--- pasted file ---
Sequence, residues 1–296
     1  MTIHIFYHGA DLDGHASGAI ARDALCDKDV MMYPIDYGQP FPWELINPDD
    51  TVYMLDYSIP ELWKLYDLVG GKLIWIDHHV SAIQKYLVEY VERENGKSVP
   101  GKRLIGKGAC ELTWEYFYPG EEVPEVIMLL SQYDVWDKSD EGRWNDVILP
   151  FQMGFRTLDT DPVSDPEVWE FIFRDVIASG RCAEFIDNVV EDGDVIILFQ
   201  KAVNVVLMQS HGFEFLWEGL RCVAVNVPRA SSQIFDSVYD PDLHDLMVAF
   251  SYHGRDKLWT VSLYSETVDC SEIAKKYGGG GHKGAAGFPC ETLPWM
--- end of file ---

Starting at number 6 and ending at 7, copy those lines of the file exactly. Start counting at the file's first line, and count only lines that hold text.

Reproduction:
   201  KAVNVVLMQS HGFEFLWEGL RCVAVNVPRA SSQIFDSVYD PDLHDLMVAF
   251  SYHGRDKLWT VSLYSETVDC SEIAKKYGGG GHKGAAGFPC ETLPWM